But the first signs of prima-donna behaviour were evident last week when The Three Tenors - Luciano Pavarotti, Placido Domingo and Jose Carreras - accused Bruce Forsyth, Jimmy Tarbuck and Kenny Lynch of "abusing and vulgarising" their reputations.

The trio, calling themselves The Three Fivers, have recorded a version of "Winter Wonderland" as a "cheeky tribute" to the opera singers. The tenors were not amused and are now taking legal steps to stop the comedians. Musical purists would argue that as populist/classical performers they shouldn't get so sniffy. The problem is that few artists would really like to define themselves as a middle-of-the-road crossover act. Finnigan says: "The Three Tenors wouldn't see themselves like that. They think they just happened to bring opera to a wider audience."

Still, it's unlikely that Anthony Way,or his "management structure", will indulge in petty squabbles, as long as his dulcet tones are shifting half a million the word "crossover" can only be music to their ears.

Sport
Club legend Paul Scholes is scared United could disappear into 'the wilderness'
football
News
A model of a Neanderthal man on display at the National Museum of Prehistory in Dordogne, France
science
News
Dawkins: 'There’s a very interesting reason why a prince could not turn into a frog – it's statistically too improbable'
newsThat's Richard Dawkins on babies with Down Syndrome
Arts and Entertainment
Eye of the beholder? 'Concrete lasagne' Preston bus station
architectureWhich monstrosities should be nominated for the Dead Prize?
PROMOTED VIDEO
Have you tried new the Independent Digital Edition apps?
Life and Style
ebooksA superb mix of recipes serving up the freshest of local produce in a delicious range of styles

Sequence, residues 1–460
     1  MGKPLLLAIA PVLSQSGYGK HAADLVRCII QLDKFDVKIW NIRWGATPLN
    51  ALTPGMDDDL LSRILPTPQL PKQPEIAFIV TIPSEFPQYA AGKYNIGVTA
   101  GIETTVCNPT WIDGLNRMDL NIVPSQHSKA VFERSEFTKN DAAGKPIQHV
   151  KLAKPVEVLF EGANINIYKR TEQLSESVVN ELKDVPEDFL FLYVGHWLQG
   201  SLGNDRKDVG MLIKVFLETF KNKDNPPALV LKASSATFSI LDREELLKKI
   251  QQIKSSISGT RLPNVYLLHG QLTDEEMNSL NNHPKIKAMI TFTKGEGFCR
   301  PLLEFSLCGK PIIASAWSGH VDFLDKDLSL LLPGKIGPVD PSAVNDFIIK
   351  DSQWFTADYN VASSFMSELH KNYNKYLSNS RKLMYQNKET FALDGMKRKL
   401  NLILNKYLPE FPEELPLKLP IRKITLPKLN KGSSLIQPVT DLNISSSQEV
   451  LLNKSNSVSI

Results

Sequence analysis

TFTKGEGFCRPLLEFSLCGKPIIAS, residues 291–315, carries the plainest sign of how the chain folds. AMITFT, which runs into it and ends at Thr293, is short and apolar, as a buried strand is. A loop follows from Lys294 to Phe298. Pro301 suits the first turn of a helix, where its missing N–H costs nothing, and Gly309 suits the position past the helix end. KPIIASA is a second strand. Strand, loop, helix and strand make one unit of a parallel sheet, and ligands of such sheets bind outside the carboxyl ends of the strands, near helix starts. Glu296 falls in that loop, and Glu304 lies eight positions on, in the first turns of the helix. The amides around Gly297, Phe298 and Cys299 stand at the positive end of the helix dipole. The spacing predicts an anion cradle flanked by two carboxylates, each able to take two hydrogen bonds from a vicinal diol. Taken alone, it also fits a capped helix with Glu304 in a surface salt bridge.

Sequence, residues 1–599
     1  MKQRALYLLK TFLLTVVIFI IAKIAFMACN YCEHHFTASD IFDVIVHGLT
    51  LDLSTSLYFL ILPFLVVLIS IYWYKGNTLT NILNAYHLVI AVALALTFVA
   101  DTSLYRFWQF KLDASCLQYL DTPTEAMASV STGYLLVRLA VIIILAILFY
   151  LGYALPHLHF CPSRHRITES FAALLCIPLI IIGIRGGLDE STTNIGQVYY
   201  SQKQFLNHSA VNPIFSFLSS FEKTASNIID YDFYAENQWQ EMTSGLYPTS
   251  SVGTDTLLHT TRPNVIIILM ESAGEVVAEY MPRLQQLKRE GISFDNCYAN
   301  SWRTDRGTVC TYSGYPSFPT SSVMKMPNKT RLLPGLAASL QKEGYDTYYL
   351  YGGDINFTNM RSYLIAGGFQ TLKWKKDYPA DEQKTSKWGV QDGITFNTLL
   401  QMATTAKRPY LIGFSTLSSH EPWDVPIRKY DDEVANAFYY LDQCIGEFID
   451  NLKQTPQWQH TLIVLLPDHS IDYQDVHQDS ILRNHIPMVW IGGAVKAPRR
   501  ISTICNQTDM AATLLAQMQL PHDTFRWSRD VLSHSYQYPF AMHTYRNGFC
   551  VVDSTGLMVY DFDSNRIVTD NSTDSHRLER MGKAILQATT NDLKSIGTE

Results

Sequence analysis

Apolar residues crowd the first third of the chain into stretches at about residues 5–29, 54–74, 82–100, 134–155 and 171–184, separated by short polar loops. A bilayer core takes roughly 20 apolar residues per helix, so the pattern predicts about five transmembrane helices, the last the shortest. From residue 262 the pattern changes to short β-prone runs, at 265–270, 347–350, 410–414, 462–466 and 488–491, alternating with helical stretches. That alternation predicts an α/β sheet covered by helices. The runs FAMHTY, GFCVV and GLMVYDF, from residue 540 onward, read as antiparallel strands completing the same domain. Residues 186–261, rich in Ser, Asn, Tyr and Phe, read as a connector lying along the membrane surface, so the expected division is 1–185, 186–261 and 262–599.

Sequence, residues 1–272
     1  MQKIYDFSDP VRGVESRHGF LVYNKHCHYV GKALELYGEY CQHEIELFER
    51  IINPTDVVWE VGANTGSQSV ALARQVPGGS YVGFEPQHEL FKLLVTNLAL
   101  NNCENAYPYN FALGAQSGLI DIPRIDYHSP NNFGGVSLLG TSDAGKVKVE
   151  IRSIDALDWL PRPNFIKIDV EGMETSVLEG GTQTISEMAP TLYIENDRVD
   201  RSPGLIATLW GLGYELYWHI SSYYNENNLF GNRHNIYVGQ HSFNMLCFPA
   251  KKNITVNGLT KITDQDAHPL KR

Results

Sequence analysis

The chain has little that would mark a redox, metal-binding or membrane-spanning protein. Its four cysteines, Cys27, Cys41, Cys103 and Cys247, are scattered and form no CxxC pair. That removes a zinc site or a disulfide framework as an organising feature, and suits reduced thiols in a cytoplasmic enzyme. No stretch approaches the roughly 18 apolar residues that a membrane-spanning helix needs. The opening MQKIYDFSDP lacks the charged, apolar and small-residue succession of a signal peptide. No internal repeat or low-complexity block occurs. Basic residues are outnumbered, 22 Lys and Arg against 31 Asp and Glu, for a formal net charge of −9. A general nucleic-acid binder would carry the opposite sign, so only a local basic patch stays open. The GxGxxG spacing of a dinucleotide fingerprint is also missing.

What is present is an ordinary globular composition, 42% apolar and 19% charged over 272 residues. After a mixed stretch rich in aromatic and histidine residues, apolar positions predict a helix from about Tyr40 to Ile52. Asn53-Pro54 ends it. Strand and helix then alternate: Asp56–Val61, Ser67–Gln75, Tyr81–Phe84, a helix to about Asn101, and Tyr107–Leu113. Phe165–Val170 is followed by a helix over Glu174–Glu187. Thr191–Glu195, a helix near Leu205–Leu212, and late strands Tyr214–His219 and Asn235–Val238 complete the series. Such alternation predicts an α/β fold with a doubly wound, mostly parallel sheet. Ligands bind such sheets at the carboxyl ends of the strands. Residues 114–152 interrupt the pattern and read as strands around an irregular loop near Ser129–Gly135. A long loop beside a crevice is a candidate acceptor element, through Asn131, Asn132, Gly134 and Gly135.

Life and Style
ebooksFrom the lifespan of a slug to the distance to the Sun: answers to 500 questions from readers
Travel
Dinosaurs Unleashed at the Eden Project
travel
Arts and Entertainment
music
Sport
football
Life and Style
This month marks the 20th anniversary of the first online sale
techDespite a host of other online auction sites and fierce competition from Amazon, eBay is still the most popular e-commerce site in the UK
News
i100
Independent
Travel Shop
the manor
Up to 70% off luxury travel
on city breaks Find out more
santorini
Up to 70% off luxury travel
on chic beach resorts Find out more
sardina foodie
Up to 70% off luxury travel
on country retreats Find out more
Latest stories from i100
Have you tried new the Independent Digital Edition apps?
Independent Dating
and  

By clicking 'Search' you
are agreeing to our
Terms of Use.

ES Rentals

    iJobs Job Widget
    iJobs General

    Quantitative Analyst (Financial Services, Graduate, SQL, VBA)

    £45000 per annum: Harrington Starr: Quantitative Analyst (Financial Services, ...

    Application Support Engineer (C++, .NET, VB, Perl, Bash, SQL)

    Negotiable: Harrington Starr: Application Support Engineer (C++, .NET, VB, Per...

    C# .NET Software Developer (Client-Side, SQL, VB6, WinForms)

    Negotiable: Harrington Starr: C# .NET Software Developer (Client-Side, SQL, VB...

    C# Developer (Genetic Algorithms, .NET 4.5, TDD, SQL, AI)

    £40000 - £60000 per annum + Benefits + Bonus: Harrington Starr: C# Developer (...

    Day In a Page

    Middle East crisis: We know all too much about the cruelty of Isis – but all too little about who they are

    We know all too much about the cruelty of Isis – but all too little about who they are

    Now Obama has seen the next US reporter to be threatened with beheading, will he blink, asks Robert Fisk
    Neanderthals lived alongside humans for centuries, latest study shows